The gemora in Nedarim tells us that Shimon Hatzadik never ate from the korbon of a Nazir, except for one time. He did it for a youth, who was handsome, and in order to curb his arrogance, took the Nazir oath and eventually shaved the long flowing hair from his head. On a simple level the gemora is letting us know that in order for one to do a mitzvah, he has to do it with the proper kavanah, and this was the first time that Shimon Hatzadik was convinced that a Nazir had the proper intentions. However, I was bothered by a question: There are other korbanos that people might have brought due to improper intentions (to show off or to look righteous, etc…). Why was it only with the korbon of a Nazir that Shimon Hatzadik was concerned about the intent of the person bringing the korbon?

In our very complex world, we seem to have a confusing array of options, in regard to following halacha. Though one has the ability to follow the straight halacha, statements such as “the one who is stringent will receive a reward, a pious person should be stringent and someone who is lenient, won’t lose”, confuse us. Many times a person would really like to do the correct thing, but he is not sure what is the correct way to proceed in his personal service to The Creator. This quandary was always in existence and this is a question of doing a mitzvah for Hashem’s sake or are there other underpinnings determining our actions.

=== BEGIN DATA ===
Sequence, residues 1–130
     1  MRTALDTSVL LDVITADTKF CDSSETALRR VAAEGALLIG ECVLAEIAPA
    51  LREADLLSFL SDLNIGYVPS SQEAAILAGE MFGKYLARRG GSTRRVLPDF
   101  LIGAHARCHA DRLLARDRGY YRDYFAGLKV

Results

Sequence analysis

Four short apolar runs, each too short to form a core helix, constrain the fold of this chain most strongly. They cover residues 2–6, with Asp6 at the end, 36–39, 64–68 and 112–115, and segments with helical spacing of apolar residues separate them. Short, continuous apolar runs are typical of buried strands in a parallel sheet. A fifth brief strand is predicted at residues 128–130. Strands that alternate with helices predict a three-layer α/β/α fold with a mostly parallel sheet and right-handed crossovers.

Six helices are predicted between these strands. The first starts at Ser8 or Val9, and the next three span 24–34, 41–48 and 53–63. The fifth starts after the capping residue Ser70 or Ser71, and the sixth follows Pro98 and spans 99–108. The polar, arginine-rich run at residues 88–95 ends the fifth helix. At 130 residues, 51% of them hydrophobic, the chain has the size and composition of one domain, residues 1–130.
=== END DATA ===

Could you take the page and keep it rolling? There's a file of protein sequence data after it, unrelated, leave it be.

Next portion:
The medrash tells us that taking an oath to forbid the eating of certain foods is not really the correct thing to do. Hashem gave us a world from which He wanted us to partake and benefit, and the stringency of the vow of a Nazir has an aspect of sin to it. Therefore, one must be particularly careful in regard to taking on this “stringency” as it may not be exactly what Hashem wants.

This can be compared to the chemotherapy medicines that a person with cancer (lo aleinu) takes. These medicines are highly toxic, and a well person would be halachikaly forbidden to even try them. However, for the person who is afflicted with that disease, taking them is a mitzvah of ushmartem miode linafshoseichem (guard your life). Shimon Hatzadik was teaching us that if a Nazir was afflicted with a yetzer hara that affects him in a “cancerous” way, then taking this “Nazir” medicine could be a mitzvah (if he does it for Heaven’s sake). Whereas others who would take the vow, would be doing something wrong. Other stringencies, may not necessarily have such a severe downside to them.

With Shavuos behind us we feel invigorated and have a desire to go all-out in our fulfillment of the mitzvahs. May we merit to choose the prescription that is befitting for our growth and individual needs.